Home Volumul 1 IFRS STANDARDS AND THEIR POLITICAL ACCEPTANCE IN EUROPE AND UNITED STATES

 

IFRS STANDARDS AND THEIR POLITICAL ACCEPTANCE IN EUROPE AND UNITED STATES


Miroslav Škoda, Marta Lapková
University of Matej Bel, Faculty of Economics, Department of Finance and Accounting,
Tajovského 10, Banská Bystrica, 974 01, Slovakia, tel. 00421 48 446 63 25,
email address: This e-mail address is being protected from spambots. You need JavaScript enabled to view it
Abstract
The year 2005 marked the start of a new era in global conduct of business, and the
fulfillment of a thirty-year effort to create the financial reporting rules for a worldwide
capital market. For during that year’s financial reporting cycle, as many as 7,000 listed
companies in the 25 European Union member states, plus many others in countries such as
Australia, New Zealand, Russia, and South Africa were expected (in the EU, required) to
produce annual financial statements in compliance with a single set of international rules—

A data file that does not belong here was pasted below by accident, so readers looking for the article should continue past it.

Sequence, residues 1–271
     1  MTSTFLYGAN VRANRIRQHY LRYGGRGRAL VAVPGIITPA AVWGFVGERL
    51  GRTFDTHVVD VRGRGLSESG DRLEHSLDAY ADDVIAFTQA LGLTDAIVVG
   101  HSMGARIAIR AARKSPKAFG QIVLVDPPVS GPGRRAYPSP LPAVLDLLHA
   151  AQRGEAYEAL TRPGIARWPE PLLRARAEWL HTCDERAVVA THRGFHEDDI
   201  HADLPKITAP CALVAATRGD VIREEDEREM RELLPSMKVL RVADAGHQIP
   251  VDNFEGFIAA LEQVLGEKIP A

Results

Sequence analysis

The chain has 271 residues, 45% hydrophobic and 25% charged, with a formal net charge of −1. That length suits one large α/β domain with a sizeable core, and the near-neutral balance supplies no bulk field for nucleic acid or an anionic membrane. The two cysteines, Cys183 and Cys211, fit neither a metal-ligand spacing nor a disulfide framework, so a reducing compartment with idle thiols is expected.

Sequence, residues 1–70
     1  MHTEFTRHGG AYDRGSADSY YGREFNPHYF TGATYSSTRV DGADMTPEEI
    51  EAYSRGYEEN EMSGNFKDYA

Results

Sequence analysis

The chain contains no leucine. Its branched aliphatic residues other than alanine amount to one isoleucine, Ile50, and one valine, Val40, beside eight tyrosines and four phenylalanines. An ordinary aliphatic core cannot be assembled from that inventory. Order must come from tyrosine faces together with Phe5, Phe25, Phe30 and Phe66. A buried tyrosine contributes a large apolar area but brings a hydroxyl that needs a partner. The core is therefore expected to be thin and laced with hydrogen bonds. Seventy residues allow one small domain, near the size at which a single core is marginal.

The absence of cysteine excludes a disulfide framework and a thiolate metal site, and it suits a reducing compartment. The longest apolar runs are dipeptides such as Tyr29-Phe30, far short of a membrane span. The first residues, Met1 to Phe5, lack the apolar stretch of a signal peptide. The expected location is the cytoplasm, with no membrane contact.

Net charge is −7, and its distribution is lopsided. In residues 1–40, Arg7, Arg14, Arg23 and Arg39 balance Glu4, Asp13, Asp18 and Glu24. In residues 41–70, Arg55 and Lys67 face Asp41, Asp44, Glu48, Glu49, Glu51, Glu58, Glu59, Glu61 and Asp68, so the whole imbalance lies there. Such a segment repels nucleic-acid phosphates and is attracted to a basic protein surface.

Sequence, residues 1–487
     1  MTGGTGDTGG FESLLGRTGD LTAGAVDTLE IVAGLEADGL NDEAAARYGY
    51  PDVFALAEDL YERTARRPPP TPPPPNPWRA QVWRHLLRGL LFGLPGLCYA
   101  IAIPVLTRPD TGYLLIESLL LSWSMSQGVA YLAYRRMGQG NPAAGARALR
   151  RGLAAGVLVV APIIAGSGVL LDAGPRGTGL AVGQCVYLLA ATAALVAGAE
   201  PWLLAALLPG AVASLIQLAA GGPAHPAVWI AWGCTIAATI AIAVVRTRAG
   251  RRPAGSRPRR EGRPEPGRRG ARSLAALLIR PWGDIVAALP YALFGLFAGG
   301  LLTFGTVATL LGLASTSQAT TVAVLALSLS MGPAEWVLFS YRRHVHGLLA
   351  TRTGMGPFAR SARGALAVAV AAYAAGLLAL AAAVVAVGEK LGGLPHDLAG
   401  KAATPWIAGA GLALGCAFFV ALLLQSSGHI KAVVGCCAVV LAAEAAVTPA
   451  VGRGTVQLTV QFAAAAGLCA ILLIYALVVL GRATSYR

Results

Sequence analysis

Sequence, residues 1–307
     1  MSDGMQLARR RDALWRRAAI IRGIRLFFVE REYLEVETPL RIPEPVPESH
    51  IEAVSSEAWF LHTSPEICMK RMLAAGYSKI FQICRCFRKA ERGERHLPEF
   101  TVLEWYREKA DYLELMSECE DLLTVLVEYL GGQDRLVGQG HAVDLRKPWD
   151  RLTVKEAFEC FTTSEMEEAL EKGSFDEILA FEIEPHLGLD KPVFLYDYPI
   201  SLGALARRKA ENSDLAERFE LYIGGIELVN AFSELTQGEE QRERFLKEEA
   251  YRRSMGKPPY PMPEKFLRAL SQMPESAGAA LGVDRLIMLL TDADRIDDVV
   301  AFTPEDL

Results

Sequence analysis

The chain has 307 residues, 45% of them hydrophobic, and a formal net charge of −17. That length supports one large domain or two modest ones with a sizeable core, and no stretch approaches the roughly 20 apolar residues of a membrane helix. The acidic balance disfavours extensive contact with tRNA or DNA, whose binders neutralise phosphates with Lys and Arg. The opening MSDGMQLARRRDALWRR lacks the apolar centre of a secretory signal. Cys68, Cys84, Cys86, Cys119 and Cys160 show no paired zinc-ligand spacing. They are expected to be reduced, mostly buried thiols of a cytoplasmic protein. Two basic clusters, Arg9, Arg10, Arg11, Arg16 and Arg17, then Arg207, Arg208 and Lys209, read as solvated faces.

International Financial Reporting Standards (IFRS). Many other business entities, while
not publicly held and not currently required to comply with IFRS, will also do so, either
immediately or over time, in order to conform to what is clearly becoming the new
worldwide standard. Since there are about 15,000 SEC-registered companies in the USA
that prepare financial statements in accordance with US GAAP (plus countless nonpublicly
held companies also reporting under GAAP), the vast majority of the world’s large
businesses will now be reporting under one or the other of these two comprehensive
systems of accounting and financial reporting rules.
Most other national GAAP standards have been reduced in importance or are being phased
out as nations all over the worlds are now embracing IFRS. For example, Canada has
announced that Canadian GAAP (which was very similar to US GAAP) will be eliminated
and replaced by IFRS by 2011. More immediately, China will require listed companies to
employ IFRS. It is quite predictable that only US GAAP will (for the foreseeable future)
remain as a competitive force in the accounting standards arena, and even that situation will
be more a formality than a substantive reality, given the formal commitment (and
substantial progress made to date) to “converge” US GAAP and IFRS.
Key words: IAS/AFRS, US GAAP, convergence, aceptance, International Accounting
Standards Board

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